Verb. To drink alcohol excessively; an alcoholic would therefore be a Tschecherant. Orig. from the Yiddish shokhar (to drink), which made its way into Viennese via Rotwelsch (thieves’ cant).
However, it is often (erroneously) assumed to stem from Tscheche (Czech); as legions of Bohemians and Moravians migrated to the imperial capital in the late 19th century in search of a better life, the Viennese quickly became acquainted with their legendary fondness for demon malt, with Czechia leading the world in per capita beer consumption to this day.
However, considering that Austria is usually right behind their northern neighbor in second place, this is a bit like the pot calling the kettle black. While most of these Czech migrants found work as cheap industrial laborers or domestic help, quite a few of Austria’s most prominent figures were actually born beyond Znaim/Znojmo, including Gustav Mahler, Sigmund Freud, Josef Hoffmann, Bertha von Suttner, Viktor Adler (founder of the Social Democratic Party), Karl Renner (a founding father of both the first and second Austrian Republics), Adolf Loos, Alfred Kubin and many others.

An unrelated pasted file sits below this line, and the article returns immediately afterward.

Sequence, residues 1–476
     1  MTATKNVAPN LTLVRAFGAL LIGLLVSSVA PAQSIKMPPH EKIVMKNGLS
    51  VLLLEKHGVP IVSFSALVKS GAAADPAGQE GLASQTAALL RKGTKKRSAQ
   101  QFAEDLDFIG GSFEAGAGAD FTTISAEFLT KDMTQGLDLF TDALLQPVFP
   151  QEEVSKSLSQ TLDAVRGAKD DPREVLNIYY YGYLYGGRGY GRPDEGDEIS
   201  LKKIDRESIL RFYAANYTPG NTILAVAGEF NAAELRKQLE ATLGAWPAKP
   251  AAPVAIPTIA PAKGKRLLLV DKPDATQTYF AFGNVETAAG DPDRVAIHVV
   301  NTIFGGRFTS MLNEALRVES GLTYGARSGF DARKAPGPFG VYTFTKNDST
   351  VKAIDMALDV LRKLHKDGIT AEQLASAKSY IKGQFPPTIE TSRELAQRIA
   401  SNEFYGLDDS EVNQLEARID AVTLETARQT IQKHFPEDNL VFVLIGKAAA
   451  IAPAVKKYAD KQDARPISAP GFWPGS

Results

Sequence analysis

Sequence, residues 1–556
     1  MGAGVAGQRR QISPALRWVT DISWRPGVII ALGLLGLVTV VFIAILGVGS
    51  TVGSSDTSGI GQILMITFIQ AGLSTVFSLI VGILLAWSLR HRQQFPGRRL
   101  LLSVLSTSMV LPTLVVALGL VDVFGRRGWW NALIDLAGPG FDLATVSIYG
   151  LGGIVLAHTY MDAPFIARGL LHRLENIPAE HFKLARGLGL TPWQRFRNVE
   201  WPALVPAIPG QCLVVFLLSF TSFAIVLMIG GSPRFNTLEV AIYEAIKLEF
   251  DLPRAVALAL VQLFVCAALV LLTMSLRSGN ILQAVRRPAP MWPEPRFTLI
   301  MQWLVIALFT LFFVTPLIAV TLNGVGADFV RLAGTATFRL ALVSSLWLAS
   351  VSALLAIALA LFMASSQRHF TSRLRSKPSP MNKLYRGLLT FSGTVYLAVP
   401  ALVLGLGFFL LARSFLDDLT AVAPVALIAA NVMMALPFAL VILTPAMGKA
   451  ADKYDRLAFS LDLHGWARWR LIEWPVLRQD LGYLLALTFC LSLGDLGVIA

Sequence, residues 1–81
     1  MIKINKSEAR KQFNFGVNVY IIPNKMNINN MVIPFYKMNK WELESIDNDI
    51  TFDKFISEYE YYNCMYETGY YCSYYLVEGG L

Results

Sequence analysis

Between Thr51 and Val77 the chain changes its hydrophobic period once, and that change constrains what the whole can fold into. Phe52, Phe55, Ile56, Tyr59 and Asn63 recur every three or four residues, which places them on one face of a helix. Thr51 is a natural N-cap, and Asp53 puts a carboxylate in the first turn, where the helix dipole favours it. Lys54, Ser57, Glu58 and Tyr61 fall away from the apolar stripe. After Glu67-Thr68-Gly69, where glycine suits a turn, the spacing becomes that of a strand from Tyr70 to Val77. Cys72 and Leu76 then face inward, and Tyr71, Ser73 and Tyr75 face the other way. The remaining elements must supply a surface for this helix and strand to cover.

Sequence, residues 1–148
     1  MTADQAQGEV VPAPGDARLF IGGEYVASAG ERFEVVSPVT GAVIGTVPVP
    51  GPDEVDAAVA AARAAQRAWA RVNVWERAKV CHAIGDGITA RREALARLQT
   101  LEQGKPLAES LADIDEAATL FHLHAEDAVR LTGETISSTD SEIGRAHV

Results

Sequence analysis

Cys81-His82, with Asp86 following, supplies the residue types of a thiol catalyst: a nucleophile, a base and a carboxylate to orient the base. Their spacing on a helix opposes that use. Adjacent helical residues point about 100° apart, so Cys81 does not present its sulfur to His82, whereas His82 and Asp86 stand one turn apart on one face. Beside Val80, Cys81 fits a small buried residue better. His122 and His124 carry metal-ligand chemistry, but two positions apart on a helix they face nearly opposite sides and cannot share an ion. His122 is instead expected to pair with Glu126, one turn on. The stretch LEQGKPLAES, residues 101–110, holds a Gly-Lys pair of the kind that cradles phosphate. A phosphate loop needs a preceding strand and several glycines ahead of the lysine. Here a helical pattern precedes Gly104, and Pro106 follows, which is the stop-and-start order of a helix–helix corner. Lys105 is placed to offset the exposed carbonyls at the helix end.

Still more had Czech roots, like Egon Schiele (mother from Český Krumlov) or Gustav Klimt and Oskar Kokoschka (father from Prague).
“Kumm, gema wos tschechern!” (C’mon, let’s go drink!)
No matter how well you speak German, the Word of the Week will help you impress any Viennese! While learning German is not an easy task in general, learning the language in Austria can come to be twice as complicated.
Strongly linked to local cultural individualities, the slangs change and evolve in all cultures around the world, the words and phrases make sense only when one is familiar with their cultural context. The Word of the Week is here to help you understand those singularities and impress the locals with some real Viennese words and expressions.